breathing circulation so in in trauma, you know, a lot of people will put it as Civ especially for penetrating trauma. You know, so if there’s uncontrolled bleeding, I hope somebody put some pressure on it or put a tourniquet on it. If it’s an extremity
and don’t do that nosebleed please.
My neck, you know,
we cut off the circuit Quarter
stopped, we stopped,
can’t get the start at two been in the immediate care for trauma, you’re looking at the things that can kill you right away. So those are your tension pneumothorax, your cardiac champ, an odd traumatic brain injury related respiratory failure, and then uncontrolled hemorrhage. Those are your immediate life threatening things that I that are always on the top of my list whenever someone comes in to make sure that they’re not present. So I hope that somebody is doing that for me.
And then and then what happens from there. So so you’re going to control a hemorrhage, you’re going to make sure that there’s not some immediate like life threatening injury, like tension pneumothorax, cardiac term temper nod or they’re going to herniate their brainstem potentially and stop breathing. And then and then what happens from there with regards to the assessment,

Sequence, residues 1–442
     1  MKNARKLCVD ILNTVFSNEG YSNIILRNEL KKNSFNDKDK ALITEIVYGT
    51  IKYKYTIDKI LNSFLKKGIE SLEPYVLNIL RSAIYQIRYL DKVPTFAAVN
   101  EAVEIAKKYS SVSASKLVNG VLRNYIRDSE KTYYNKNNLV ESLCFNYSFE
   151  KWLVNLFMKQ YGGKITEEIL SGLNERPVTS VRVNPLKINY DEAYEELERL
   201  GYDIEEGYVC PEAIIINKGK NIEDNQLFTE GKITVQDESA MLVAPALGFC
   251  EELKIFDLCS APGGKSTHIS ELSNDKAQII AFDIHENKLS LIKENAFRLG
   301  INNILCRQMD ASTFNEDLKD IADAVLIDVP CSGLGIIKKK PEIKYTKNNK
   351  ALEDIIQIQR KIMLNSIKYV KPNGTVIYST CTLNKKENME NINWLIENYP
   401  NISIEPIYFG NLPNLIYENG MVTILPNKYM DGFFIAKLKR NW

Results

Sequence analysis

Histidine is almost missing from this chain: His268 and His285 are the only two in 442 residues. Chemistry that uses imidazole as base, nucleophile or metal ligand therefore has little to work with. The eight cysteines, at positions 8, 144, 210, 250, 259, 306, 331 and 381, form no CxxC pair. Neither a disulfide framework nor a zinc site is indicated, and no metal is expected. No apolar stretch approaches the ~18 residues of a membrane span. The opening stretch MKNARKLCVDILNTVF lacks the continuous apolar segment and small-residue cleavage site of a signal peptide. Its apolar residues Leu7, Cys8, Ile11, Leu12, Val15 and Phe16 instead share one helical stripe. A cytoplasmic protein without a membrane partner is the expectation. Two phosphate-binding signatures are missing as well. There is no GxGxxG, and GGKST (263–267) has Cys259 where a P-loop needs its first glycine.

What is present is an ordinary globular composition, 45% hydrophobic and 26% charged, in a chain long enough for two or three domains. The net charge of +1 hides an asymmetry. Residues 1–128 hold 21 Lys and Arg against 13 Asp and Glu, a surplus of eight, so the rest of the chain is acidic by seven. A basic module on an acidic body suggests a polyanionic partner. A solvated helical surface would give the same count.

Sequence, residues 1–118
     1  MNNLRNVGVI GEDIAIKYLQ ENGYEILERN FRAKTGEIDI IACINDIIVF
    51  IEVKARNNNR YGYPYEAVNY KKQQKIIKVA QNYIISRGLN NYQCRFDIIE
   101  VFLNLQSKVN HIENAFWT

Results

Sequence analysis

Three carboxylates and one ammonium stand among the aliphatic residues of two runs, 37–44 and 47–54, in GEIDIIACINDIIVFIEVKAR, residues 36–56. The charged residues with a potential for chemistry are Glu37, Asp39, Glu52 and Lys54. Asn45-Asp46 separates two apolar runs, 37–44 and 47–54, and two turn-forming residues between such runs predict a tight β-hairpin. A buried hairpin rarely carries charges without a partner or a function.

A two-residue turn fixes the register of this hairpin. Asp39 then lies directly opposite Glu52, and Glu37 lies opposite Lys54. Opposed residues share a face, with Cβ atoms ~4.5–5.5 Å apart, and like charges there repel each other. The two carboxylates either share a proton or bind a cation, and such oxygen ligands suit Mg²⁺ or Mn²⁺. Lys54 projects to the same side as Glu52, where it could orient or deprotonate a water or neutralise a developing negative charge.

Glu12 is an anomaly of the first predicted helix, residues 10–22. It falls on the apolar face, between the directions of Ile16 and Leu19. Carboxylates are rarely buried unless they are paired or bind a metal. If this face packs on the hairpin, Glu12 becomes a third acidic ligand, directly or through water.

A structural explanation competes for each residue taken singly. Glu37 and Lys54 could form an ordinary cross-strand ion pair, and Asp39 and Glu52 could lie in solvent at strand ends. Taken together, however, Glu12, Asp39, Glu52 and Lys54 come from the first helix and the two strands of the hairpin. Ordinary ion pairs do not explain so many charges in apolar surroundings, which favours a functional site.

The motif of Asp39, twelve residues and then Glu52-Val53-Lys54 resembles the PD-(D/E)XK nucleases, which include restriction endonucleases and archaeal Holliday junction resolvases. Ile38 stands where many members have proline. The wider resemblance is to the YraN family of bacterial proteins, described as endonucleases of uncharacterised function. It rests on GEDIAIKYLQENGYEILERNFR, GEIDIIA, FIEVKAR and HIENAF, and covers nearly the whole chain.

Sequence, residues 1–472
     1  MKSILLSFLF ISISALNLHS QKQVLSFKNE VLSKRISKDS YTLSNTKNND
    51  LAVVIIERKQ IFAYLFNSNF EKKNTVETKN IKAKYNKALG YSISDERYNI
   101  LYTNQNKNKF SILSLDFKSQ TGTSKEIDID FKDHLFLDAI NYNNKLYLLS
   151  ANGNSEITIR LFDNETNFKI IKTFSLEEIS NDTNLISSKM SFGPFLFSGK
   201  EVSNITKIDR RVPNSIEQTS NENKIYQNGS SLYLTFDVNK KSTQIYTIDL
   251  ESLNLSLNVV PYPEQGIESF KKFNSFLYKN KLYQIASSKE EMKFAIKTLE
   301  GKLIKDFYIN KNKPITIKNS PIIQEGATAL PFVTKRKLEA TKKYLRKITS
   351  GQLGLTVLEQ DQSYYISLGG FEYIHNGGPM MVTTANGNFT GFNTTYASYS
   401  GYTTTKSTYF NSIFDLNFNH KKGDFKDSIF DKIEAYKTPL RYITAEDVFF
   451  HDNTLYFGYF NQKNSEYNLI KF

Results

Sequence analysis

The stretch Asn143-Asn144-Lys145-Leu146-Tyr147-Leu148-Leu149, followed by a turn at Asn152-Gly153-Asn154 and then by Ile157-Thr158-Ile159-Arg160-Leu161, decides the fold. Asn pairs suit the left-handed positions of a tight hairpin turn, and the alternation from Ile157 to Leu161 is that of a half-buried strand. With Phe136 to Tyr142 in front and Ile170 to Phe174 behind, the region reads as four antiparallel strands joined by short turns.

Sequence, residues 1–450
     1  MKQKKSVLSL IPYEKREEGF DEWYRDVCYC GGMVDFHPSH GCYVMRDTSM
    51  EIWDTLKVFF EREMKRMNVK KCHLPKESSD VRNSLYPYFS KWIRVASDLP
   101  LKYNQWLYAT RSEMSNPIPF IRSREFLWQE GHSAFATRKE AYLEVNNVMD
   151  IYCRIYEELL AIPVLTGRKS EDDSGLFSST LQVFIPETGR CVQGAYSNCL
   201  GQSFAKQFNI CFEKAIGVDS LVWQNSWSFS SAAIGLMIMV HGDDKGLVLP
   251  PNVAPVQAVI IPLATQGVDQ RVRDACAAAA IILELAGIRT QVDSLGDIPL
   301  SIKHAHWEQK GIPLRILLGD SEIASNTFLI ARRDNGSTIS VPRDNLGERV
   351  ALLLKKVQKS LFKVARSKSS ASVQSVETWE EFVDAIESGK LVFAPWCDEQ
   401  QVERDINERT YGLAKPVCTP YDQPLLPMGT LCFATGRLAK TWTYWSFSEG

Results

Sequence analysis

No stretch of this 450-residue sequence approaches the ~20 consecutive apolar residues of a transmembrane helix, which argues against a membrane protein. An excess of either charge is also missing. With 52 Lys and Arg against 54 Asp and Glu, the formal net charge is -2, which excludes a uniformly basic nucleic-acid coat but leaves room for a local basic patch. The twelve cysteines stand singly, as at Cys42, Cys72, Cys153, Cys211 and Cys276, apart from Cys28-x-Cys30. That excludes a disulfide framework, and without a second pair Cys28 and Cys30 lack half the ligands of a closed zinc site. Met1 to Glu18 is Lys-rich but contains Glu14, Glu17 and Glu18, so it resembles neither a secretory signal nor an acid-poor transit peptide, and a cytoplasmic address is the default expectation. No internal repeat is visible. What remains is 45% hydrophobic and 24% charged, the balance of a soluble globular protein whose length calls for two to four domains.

so depends on in general, we’re following what’s the American College of Surgeons advanced trauma, life support and so on. After you do your primary survey where you’re looking at airway, breathing, circulation, disability and exposure, then you’re looking, you’re using things like chest x rays and fast exams, which is an ultrasound to the abdomen and the heart and the lungs. And, again, looking for those immediately life threatening things. And if those aren’t present, then you moving on to your secondary survey, and you’re creating a plan to finish your assessment. So in most cases, if people don’t have an immediate life threatening thing, they don’t need to go to the operating room right away. Most patients are going to end up in the cat scanner.